- The Washington Times - Tuesday, February 14, 2006

KANSAS CITY, Mo. (AP) Turns out love may actually be a universal language.

The world’s largest greeting-card maker, Hallmark Cards Inc., for the first time analyzed individual cities’ data for top-selling valentines, and got a surprising result.

They were all the same.

Researchers at the Kansas City-based company expected the choices of customers to be as different as the cities they call home. But it turned out V330-5, one of the thousands of options Hallmark offered last Valentine’s Day, was the top choice of consumers in New York and Los Angeles, Minneapolis and Miami, and virtually every other city in the country.

“We thought it would be a different card in every city,” said spokeswoman Rachel Bolton. “It was just a surprising thing.”

Jessica Ong, product manager for the company’s Valentine’s Day card line, had an idealistic suggestion for the sales numbers’ meaning.

“It speaks to the fact that people are more alike than they are different,” she said.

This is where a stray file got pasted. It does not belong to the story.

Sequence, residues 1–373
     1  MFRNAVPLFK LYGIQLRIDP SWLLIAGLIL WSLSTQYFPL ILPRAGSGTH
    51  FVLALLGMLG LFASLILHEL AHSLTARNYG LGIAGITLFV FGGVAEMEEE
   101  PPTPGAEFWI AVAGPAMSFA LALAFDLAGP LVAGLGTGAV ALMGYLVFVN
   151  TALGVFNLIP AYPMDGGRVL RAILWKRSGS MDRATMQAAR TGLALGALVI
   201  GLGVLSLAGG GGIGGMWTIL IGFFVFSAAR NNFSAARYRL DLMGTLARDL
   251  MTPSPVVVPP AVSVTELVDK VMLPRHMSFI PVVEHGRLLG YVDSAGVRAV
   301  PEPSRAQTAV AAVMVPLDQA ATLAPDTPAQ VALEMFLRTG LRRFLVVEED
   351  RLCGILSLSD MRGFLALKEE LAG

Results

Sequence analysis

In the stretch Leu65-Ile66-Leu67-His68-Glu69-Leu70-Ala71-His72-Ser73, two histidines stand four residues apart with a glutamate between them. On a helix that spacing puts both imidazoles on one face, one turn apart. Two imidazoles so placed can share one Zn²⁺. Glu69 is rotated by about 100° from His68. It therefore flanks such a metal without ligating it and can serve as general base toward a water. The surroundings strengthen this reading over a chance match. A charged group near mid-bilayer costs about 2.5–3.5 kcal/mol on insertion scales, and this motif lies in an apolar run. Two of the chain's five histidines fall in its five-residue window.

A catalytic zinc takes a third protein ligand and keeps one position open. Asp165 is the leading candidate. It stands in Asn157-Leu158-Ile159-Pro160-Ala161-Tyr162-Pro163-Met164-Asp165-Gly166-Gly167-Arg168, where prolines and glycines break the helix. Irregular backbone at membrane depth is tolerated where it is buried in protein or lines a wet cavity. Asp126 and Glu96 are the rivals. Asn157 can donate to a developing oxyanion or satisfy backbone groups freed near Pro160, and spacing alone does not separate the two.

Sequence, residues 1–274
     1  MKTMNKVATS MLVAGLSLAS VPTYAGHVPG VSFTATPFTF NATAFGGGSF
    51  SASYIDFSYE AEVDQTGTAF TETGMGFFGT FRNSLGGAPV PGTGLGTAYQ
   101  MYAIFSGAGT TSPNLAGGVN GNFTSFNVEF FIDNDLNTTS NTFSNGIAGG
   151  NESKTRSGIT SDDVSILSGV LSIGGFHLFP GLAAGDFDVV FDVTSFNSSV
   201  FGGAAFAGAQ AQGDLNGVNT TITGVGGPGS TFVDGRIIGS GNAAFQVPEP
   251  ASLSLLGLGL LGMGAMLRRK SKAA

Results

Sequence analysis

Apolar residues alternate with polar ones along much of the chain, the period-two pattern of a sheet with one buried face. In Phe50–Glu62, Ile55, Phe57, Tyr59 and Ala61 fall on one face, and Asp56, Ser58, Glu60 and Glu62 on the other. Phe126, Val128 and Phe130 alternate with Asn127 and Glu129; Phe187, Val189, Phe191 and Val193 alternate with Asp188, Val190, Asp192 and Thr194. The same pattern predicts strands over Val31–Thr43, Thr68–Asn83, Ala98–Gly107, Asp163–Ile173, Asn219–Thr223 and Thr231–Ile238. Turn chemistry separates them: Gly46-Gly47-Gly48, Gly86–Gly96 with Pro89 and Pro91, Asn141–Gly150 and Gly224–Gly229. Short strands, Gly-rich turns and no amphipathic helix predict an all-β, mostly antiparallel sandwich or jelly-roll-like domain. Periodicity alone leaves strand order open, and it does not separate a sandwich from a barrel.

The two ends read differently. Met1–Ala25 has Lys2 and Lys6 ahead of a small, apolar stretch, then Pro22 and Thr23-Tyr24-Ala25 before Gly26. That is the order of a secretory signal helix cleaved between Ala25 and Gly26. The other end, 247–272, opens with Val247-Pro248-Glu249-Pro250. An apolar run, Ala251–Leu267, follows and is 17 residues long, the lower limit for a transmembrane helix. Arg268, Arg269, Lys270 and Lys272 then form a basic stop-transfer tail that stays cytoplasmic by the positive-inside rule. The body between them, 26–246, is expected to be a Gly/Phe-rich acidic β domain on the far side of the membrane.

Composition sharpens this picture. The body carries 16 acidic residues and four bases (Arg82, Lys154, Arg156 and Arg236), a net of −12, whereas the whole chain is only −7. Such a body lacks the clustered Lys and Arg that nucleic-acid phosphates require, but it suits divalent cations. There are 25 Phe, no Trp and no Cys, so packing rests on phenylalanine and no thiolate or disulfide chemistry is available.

The card’s face is a deep red foil, with “For the One I Love” across the top in black script, a large picture of a red rose in the center and a thick black ribbon cutting through the middle. Inside, it states: “Each time I see you, hold you, think of you, here’s what I do I fall deeply, madly, happily in love with you. Happy Valentine’s Day.”

The card’s designer, Marcia Meulengracht, said she was not at all surprised the card sold five times better than the average valentine so well it is being offered for a second year.

“I cut to the chase what I would want to give and what I would want to receive,” she said. “A guy wants to say he still loves her. A gal wants to know he still does. She wants to get goose bumps. He wants to think he’ll get lucky.”

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